“We’ve always had a difficulty finding quality resources for ELLs,” said Uro. “You’re not going to have a lot of publishers that want to jump in just because there’s not a sense that you’re going to really have much of a profit.”
Lily Wong Fillmore of the University of California, Berkeley, who specializes in second language teaching and learning, told Education Week earlier this year that too often, instructional materials for ELLs get treated as an extra “rather than as an integral part of any instructional program.”
“Publishers see the need to deal with English-learners only as a kind of a sidebar where you put in some extra activities that really don’t add up to anything and have very little to do with the actual curriculum materials they put together,” Fillmore said.
This often leaves teachers to shoulder the burden themselves, leading to concerns about the quality of materials used, potential copyright infringement for materials found online, and the ramifications of an incoherent curriculum for ELL students as they pass from one grade to the next.
It’s also unclear who, if anyone, is vetting the materials that ELL teachers create themselves or find outside their schools, Uro added. Requirements for the approval of instructional materials vary widely in districts across the country, and 32 percent of ELL educators in the Council’s study said they do not receive any guidance from their district or state in this area.
At biology teacher Brock’s Texas high school, for example, he said he’s usually allowed to “just go with it,” though he does sometimes run the materials he finds by a curriculum director. And that’s not an unusual degree of freedom, some other teachers say. In Newport News, Virginia, middle-school teacher Paul Hudson is also able to select his own materials without a supervisor’s approval as long as he’s not using district funds. Recently, before his students were scheduled to study “The Highwayman,” he prepared a background lesson with pictures and an explanation of highwaymen during the time the poem was written, a phonics activity breaking down multisyllabic words in the text, and activities to practice vocabulary words.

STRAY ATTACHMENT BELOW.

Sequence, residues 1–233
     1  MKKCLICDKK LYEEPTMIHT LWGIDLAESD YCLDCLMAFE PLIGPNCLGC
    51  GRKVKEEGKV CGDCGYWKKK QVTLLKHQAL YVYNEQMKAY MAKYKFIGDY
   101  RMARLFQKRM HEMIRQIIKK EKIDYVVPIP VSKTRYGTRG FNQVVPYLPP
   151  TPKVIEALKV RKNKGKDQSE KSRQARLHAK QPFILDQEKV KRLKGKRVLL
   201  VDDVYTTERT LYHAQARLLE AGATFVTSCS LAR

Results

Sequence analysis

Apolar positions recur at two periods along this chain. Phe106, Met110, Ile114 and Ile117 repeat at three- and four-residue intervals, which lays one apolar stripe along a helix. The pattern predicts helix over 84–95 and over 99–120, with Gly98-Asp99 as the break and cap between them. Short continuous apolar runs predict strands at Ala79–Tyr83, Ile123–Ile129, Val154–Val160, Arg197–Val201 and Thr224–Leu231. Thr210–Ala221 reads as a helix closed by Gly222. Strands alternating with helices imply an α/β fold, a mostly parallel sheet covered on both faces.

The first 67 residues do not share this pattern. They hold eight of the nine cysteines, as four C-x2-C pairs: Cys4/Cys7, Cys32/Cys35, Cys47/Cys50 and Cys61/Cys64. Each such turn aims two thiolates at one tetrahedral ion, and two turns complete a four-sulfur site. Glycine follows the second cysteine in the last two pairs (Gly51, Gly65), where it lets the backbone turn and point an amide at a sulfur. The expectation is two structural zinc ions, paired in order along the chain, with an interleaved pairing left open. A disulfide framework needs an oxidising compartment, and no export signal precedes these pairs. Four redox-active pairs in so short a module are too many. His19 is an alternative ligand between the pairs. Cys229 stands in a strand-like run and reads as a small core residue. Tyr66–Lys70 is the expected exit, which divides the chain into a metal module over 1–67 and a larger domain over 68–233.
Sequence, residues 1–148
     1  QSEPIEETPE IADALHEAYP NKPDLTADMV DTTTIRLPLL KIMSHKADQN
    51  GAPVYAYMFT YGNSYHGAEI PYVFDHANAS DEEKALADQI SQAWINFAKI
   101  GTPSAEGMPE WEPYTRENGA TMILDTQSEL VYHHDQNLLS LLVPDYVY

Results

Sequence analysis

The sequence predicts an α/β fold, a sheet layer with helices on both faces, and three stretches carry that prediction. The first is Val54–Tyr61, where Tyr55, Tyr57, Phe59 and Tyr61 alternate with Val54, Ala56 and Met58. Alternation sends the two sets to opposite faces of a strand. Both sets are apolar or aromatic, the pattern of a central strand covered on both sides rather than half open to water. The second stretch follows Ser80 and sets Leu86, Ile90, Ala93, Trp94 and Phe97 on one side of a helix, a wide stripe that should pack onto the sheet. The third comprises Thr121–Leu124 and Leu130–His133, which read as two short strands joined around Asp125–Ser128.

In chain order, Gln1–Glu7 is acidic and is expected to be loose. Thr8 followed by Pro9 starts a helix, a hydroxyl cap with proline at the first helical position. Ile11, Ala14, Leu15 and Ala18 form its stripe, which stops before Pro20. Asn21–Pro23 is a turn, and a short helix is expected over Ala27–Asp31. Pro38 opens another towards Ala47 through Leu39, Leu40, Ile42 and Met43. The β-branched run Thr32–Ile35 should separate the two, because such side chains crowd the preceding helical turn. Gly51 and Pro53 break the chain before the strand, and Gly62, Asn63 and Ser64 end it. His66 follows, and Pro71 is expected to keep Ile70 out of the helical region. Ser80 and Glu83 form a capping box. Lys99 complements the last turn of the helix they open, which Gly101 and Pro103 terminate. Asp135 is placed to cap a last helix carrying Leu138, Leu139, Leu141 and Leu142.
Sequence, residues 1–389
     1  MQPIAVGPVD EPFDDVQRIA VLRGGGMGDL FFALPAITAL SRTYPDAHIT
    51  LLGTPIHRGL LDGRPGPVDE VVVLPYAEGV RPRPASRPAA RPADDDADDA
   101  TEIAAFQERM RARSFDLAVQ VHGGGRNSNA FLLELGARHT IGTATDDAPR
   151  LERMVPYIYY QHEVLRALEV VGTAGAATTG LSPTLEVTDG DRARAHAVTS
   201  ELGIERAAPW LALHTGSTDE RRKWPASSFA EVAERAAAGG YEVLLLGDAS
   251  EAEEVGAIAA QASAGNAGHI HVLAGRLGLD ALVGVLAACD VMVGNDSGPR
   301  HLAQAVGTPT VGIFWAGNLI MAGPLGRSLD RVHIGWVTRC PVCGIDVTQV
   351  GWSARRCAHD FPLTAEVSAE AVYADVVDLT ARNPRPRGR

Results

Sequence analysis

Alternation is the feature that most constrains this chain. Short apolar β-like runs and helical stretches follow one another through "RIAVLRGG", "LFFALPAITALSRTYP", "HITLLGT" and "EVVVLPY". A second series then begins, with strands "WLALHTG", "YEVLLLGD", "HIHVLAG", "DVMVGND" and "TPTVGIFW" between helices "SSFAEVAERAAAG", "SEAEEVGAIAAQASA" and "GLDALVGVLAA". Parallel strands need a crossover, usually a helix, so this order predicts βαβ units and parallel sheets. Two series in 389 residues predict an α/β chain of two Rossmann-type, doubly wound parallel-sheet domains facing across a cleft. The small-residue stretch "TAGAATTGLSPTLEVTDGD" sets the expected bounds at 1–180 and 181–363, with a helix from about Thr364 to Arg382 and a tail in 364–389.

“All of these materials I felt were necessary to help my ELL students read and write about this story successfully,” he said.
But he wishes he didn’t have to be the one to spend hours creating the materials.
“It would be awesome if someone from our district would prepare those kinds of materials for each of the texts in the curriculum and make them available for us so that I wouldn’t have to do all of that myself,” Hudson said.
In its report, the Council of the Great City Schools offers recommendations for improving the quality of instructional materials for ELLs. These include collaborative partnerships between publishers and educators who work directly with these students, as well as “a more systematic approach to developing and reviewing high-quality materials” that teachers can have access to. The Council also suggests that schools train all teachers, even those in general education classrooms, in strategies to ensure ELLs meet state education standards.
“We know that for our districts, in order for them to really see improvement, they really need to be addressing their English-language learner programs,” Uro said.
This story was written for the Education Writers Association and originally appeared there.